Jumping In: Obeying The Hard-Easy Rule
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Over the next week Triathlete Magazine Senior Editor Matt Fitzgerald will provide six tips on jumping in to the sport of triathlon. In the fifth article, Fitzgerald explains how to balance the tough workouts with the easier ones.
Written by: Matt Fitzgerald
Your hardest workouts provide the strongest stimulus for improved fitness, but you can’t train hard all the time. This is true in part because the physiological adaptations triggered by your hardest workouts don’t occur during those workouts but between them. If you do a second hard workout too soon after completing an initial hard workout, your body will not have the chance to fully respond to the stimulus of that first session. You will improve most consistently if you alternate hard workouts with moderate and easy workouts. Use this guideline regardless of your training frequency. If you train six times per week, do one hard swim, ride and run each week and one moderate or easy swim, ride and run. If you train 12 times per week, do two hard swims, rides and runs each week and two moderate or easy swims, rides and runs.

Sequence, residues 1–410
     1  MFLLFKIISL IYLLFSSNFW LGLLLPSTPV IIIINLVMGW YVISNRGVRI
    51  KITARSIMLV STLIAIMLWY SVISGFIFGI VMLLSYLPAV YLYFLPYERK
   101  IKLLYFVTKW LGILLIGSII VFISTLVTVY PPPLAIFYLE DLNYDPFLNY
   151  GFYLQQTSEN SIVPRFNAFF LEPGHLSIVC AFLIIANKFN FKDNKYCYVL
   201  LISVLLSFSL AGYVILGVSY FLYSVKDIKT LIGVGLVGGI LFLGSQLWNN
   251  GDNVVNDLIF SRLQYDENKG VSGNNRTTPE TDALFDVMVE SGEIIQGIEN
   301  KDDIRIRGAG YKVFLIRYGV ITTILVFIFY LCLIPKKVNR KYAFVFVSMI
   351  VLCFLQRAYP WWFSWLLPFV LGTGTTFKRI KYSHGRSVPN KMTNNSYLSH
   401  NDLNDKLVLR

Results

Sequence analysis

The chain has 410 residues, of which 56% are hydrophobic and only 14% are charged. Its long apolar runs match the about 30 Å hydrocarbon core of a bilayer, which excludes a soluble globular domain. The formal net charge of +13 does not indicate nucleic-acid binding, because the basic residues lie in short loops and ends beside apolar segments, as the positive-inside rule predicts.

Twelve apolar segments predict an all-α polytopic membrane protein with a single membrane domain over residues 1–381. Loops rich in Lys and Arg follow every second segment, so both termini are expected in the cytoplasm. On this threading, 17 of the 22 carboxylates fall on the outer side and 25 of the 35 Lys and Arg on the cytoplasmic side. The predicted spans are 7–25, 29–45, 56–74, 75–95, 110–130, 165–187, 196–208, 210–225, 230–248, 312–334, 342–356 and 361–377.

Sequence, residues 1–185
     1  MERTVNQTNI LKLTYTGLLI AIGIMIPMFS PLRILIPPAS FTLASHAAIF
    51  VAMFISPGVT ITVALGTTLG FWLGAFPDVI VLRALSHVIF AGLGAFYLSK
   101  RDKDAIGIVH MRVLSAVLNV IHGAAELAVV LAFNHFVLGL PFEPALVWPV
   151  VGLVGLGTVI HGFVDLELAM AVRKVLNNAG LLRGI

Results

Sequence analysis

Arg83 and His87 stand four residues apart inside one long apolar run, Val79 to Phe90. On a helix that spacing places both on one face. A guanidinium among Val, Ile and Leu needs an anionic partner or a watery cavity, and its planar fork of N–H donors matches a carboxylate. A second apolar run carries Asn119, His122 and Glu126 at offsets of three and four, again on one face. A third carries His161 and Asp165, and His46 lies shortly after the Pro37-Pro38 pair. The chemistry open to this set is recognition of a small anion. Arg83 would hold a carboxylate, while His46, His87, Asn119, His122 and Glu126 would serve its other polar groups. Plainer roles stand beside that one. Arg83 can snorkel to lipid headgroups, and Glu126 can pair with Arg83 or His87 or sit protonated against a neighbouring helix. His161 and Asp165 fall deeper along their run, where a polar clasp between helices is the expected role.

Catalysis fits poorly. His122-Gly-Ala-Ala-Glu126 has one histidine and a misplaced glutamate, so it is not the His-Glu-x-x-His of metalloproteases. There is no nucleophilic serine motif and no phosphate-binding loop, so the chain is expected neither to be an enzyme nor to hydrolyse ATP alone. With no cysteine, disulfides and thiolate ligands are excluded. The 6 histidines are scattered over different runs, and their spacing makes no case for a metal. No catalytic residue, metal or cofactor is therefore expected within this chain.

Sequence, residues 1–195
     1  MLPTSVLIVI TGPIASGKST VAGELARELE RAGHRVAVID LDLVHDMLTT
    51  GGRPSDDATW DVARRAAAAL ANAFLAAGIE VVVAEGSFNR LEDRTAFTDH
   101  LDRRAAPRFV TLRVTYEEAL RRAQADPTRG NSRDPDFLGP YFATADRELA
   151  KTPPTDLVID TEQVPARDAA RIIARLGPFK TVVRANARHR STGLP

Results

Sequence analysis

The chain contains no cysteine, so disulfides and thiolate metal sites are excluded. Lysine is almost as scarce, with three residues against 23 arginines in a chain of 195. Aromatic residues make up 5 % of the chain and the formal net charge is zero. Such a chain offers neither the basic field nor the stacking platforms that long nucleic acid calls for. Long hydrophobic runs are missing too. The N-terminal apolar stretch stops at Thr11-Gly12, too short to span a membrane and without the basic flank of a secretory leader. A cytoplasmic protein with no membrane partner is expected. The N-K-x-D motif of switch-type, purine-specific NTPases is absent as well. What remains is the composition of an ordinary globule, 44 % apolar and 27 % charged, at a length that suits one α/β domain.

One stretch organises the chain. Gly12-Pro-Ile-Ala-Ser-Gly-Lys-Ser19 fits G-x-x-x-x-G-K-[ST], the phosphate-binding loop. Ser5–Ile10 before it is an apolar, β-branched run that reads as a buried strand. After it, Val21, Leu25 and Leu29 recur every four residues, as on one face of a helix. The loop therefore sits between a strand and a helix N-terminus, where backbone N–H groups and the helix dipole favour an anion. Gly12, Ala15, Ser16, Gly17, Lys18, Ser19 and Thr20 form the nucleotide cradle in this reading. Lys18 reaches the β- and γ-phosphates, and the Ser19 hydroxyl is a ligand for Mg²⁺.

It’s also advisable to modulate your training workload from week to week. Some weeks should be hard, so that your body is carrying a fairly high level of accumulated fatigue by the end of it. Some weeks should administer a moderate workload and others a fairly light one. The right mix varies from athlete to athlete. A good place to start is with the following four-week cycle:
Week 1: Hard
Week 2: Moderate
Week 3: Very Hard
Week 4: Easy